Wednesday, 17 June 2009

Review - Jim DODGE - "Fup"

Publ: 1983
ISBN: 1 84195 259 1
Genre: Humour
Pages: 88p
Rating: ***** ****

What led you to pick up this book?
I saw this 'modern fable' sitting on GB's shelf and having read it a few years ago (after he had recommended it) I read it again. It was as funny this second time around as it was the first.

Describe the plot without giving anything away.
A 99 year old Grandaddy, a gentle giant of a young man and a duck called Fup. All the ingredients for a fun life together in rural California. That is, it would be fun if a wild pig called Lockjaw didn't keep attacking Tiny's fences.

What did you think of the characters?
So well drawn that they live on in one's mind for years afterwards.

What did you think about the style?

Sharp, incisive and very funny.

What did you like most about the book?

The skill with which the plot twists and turns. It was described by the San Francisco Chronicle as "A stupendous little book that will knock your
socks off... it is a jewel, a gem, a diamond in the cesspool of life."

Was there anything you didn't like about the book?

Thoughts on the book jacket / cover.
This edition (Canongate 2002) is illustrated by Harry Horse and the cover and illustrations are super.

Would I recommend it?
Absolutely - without reservation - to everyone. Whatever your reading tastes this should fit them.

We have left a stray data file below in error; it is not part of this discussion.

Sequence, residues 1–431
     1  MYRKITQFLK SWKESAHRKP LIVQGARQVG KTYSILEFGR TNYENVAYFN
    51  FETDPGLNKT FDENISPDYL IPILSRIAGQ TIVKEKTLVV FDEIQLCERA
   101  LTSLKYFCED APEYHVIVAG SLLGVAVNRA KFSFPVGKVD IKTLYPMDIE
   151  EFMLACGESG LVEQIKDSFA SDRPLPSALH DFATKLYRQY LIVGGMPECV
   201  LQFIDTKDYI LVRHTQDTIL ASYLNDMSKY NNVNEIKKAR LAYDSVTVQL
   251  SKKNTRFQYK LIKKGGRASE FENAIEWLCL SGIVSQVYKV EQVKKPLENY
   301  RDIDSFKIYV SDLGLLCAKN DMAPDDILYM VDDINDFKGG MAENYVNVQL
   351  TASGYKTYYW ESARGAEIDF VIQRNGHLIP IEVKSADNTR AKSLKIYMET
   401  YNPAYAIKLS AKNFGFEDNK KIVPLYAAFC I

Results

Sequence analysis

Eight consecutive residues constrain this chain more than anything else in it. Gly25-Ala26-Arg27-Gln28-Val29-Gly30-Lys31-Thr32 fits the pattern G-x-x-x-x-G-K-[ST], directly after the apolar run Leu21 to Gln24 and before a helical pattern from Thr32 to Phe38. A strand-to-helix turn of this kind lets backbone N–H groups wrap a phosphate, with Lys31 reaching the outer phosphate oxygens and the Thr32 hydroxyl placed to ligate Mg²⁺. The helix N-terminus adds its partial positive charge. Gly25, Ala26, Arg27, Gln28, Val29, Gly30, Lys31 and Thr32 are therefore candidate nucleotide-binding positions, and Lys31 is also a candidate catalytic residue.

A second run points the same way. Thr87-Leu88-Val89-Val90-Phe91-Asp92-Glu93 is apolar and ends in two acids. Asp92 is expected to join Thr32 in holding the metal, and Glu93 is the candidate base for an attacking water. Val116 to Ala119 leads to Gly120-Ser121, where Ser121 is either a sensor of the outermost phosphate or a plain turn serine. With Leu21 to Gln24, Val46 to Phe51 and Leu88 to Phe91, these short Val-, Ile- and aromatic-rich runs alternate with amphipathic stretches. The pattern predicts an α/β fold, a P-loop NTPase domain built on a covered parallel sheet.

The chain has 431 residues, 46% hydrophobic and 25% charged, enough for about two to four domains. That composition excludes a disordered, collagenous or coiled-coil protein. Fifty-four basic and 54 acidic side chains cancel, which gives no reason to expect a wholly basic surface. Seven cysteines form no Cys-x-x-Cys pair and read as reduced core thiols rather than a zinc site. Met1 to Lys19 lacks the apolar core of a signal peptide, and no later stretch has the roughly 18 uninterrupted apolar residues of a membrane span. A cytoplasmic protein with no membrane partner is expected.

Totally irrelevant side note:
You have to read it if only to find out why Tiny's suggestion for the duck's name was over-ruled in favour of Gandaddy Jake's 'Fup'.

"I didn't get to be 99 years old by fool speculation," Grandaddy replied. "It's hard enough separating the good stuff from the bullshit without adding to the whole mess by wanting to know what you ain't gonna know."

"You know, I've seen 30,000 sunsets, and no two that I can remember have ever been the same. What more can we possibly want?"

JIM DODGE, born 1945, has written three books of fiction (Fup, Not Fade Away, and Stone Junction), as well as numerous essays, articles, and reviews on a variety of social and environmental matters. He has worked variously as a shepherd, professional gambler and environmental consultant, and currently serves as Director of Creative Writing at Humboldt State University. He lives in the Klamath Mountains with his wife and son.

1 comment:

  1. I couldn't have said it better (no surprise there then). Your views echo mine exactly.


Hello folks - your comments are always welcome.